Daily Escape

Place de la Bastille

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Place de la Bastille

Paris, France

Journey to Place de la Bastille in the heart of Paris, and you’ll find yourself in the shadow of history. It was here that the notorious Bastille fortress -- used by many kings of France as a prison -- refused to cede power. But on the fateful day of July 14, 1789, it was stormed by a mutinous crowd, triggering the French Revolution. Feel that spirit of liberté, egalité, fraternité as you walk the square, brimming with a colorful scene of open-air markets, a marina filled with lounging seafarers and the July Column-- a monument that stands in remembrance of a later call for liberty.


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Seine River
Seine River

Seine River

Begin your tour of Paris with a stroll along the Seine River. Explore Île Saint-Louis and Île de la Cité, 2 small islands linked to the banks of the Seine by a series of bridges. Head to Île de la Cité to see the Notre Dame Cathedral or head east to visit the charming hotels, cozy restaurants and small shops. 960 1280

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The Louvre

The Louvre

Be one of 8 million people who flock to the Louvre each year. This grand art museum houses 35,000 masterpieces, including the great Venus de Milo, Leonardo da Vinci’s "Mona Lisa," Eugene Delacroix’s “Liberty Leading the People” and, in the Egyptian wing, “The Seated Scribe.” If it’s your first visit, we recommend taking the introductory guided tour for an overview of the museum’s most famous works. 960 1280

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Moulin Rouge

Moulin Rouge

Eat dinner and see a show at the Moulin Rouge -- the birthplace of can-can in its modern form. Located in Paris’ Pigalle district, this tourist attraction was co-founded in 1889 by businessmen Charles Zidler and Joseph Oller. Artists of all stripes soon flocked to the cabaret, including French painter Henri de Toulouse-Lautrec and, in the decades to come, singer Edith Piaf. 960 1280

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Palace of Versailles

Palace of Versailles

Take a day trip outside of Paris and explore the Palace of Versailles. This enormous castle and gardens was once home to 3 generations of French kings and queens, including Louis XVI and Marie Antoinette, the last reigning king and queen of France. See the Hall of Mirrors, the Chapelle Royale, the Grand Trianon, estate of Marie-Antoinette and beautiful gardens. Between April and October, the Musical Fountains Show is worth seeing. 960 1280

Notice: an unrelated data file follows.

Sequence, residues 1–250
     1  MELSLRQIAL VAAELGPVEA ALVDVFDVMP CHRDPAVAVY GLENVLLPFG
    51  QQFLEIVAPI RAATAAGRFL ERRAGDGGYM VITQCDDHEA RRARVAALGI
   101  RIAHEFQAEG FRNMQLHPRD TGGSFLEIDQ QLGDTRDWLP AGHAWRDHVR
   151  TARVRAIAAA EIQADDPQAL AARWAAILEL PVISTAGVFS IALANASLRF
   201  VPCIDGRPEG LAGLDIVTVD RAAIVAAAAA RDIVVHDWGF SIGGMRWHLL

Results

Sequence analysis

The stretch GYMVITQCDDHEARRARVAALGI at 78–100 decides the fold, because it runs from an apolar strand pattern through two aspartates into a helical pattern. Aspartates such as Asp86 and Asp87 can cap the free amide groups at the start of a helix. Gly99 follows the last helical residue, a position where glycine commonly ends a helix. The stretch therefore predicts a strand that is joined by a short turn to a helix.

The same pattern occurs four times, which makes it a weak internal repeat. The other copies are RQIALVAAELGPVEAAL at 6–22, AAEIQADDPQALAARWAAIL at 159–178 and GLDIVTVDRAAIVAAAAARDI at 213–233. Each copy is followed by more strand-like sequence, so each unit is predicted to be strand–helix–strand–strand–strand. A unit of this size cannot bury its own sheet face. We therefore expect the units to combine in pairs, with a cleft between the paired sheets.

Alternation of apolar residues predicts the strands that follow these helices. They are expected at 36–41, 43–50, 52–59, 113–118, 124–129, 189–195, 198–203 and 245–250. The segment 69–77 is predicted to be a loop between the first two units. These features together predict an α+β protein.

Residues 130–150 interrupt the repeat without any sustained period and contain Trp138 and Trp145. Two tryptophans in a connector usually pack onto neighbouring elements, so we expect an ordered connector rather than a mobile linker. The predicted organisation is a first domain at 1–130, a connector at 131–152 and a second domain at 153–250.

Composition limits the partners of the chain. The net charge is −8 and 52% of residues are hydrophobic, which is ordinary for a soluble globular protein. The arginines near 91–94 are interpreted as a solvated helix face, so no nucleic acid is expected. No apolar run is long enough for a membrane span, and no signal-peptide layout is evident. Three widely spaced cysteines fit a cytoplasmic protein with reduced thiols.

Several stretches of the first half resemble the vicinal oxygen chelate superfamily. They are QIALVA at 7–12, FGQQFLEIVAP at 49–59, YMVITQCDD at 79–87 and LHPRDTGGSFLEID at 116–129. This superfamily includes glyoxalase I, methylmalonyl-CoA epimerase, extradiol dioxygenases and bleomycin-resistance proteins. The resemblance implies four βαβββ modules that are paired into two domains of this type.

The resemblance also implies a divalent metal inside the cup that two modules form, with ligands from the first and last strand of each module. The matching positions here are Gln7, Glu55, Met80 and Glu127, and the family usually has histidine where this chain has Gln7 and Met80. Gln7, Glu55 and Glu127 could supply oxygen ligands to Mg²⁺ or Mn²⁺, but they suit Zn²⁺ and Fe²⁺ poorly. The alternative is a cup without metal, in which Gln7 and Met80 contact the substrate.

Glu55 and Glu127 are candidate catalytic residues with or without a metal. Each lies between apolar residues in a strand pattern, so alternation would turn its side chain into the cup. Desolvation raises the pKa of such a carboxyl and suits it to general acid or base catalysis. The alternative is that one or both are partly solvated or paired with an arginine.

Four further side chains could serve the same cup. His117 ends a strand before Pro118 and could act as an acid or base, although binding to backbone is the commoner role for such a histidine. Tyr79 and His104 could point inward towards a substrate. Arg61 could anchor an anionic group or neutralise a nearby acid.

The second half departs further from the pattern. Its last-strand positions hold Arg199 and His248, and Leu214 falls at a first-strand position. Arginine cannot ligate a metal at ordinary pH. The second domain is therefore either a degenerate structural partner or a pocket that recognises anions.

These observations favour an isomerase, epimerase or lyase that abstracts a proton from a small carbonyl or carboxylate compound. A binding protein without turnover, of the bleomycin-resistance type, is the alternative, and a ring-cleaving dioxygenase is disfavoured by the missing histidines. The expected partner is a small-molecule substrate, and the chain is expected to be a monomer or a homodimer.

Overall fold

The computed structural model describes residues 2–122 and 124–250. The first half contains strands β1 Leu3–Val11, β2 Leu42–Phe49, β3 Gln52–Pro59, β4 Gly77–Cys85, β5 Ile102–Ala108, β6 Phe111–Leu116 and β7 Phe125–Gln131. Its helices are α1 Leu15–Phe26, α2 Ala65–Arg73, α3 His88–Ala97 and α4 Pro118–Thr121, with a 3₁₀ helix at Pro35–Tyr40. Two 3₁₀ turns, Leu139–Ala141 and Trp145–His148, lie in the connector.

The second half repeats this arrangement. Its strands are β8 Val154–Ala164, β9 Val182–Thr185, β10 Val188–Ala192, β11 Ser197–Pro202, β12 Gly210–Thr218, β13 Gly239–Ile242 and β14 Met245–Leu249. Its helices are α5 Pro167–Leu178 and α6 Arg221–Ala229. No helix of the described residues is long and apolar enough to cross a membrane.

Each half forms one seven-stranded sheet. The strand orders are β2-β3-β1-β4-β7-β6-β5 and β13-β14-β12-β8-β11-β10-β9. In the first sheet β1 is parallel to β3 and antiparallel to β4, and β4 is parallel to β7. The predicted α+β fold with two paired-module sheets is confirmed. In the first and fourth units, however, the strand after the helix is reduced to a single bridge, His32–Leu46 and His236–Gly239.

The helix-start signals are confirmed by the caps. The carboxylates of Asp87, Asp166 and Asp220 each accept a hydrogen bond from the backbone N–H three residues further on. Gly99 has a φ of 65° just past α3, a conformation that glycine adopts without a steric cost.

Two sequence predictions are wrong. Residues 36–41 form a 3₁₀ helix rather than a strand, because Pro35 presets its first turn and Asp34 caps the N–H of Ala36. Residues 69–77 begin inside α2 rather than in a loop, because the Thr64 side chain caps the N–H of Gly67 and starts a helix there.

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Montmartre and the Sacre Coeur Basilica

Montmartre and the Sacre Coeur Basilica

Walk the cobblestone streets of Montmartre and make the steep climb to visit the Sacre Coeur Basilica, also known as the Basilica of the Sacred Heart of Paris. The basilica is located at the highest point in the city, making it the perfect place for panoramic views of Paris. 960 1280

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Eiffel Tower

Eiffel Tower

French engineer Gustave Eiffel spent 2 years trying to erect the Eiffel Tower for the World’s Fair in 1889. And once he did, Parisians were not immediate fans of the metal monument. Today, of course, it has become part of the city’s familiar landscape. We recommend making a stop at the tower at night to see the amazing light show that usually ends at 1 a.m. 960 1280

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Disneyland Paris

Disneyland Paris

For tourists looking for some amusement park fun, we recommend visiting Disneyland Paris. Although the park has been molded to appeal to European tastes (it has plenty of patio seats for outdoor eating), it is still styled similar to the original theme park, with a Main Street U.S.A., Frontierland, Adventureland, Fantasyland and Discoveryland. 960 1280

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Pont Alexandre III and Grand Palais

Pont Alexandre III and Grand Palais

Cross over the River Seine, by walking along the ornate Pont Alexandre III bridge, to see Grand Palais. The main exhibition space hosts large-scale shows. Previous must-see art shows included an Edward Hopper retrospective, “Marie Antoinette,” and “Picasso and the Masters.” We suggest you book tickets online before you go. 960 1280

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Musee d'Orsay

Musee d'Orsay

For art lovers, we suggest a visit to the Musée d'Orsay. Once a railway station, this museum now holds mainly French art dating from 1848 to 1915. It houses the largest collection of impressionist and post-impressionist masterpieces in the world. Monet, Degas, Renoir and van Gogh are just a few painters whose works are on display at the museum. 960 1280

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Arc de Triomphe

Arc de Triomphe

One of the most famous monuments in Paris, the Arc de Triomphe honors those who fought and died for France in the French Revolutionary and the Napoleonic Wars. Located in the center of the Place Charles de Gaulle -- at the west end of the Champs-Elysees -- the monument has the names of all French victories and generals inscribed on its surface. There is a vault beneath the arc that holds the Tomb of the Unknown Soldier from World War I. 960 1280

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Champ-Elysees

Champ-Elysees

Champs-Elysees is to Paris what Times Square is to New York City. This famous avenue is a popular destination for shoppers with deep pockets, but shopping isn’t the only reason why people flock to this area. Stop by the statue-lined plaza-terrace at the Place du Trocadero for the city’s best view of the Eiffel Tower. Check out a world-class collection of art from all over Asia at the Musee Guimet. Choose from more than 2 dozen flavors of macaroons at Laduree. 960 1280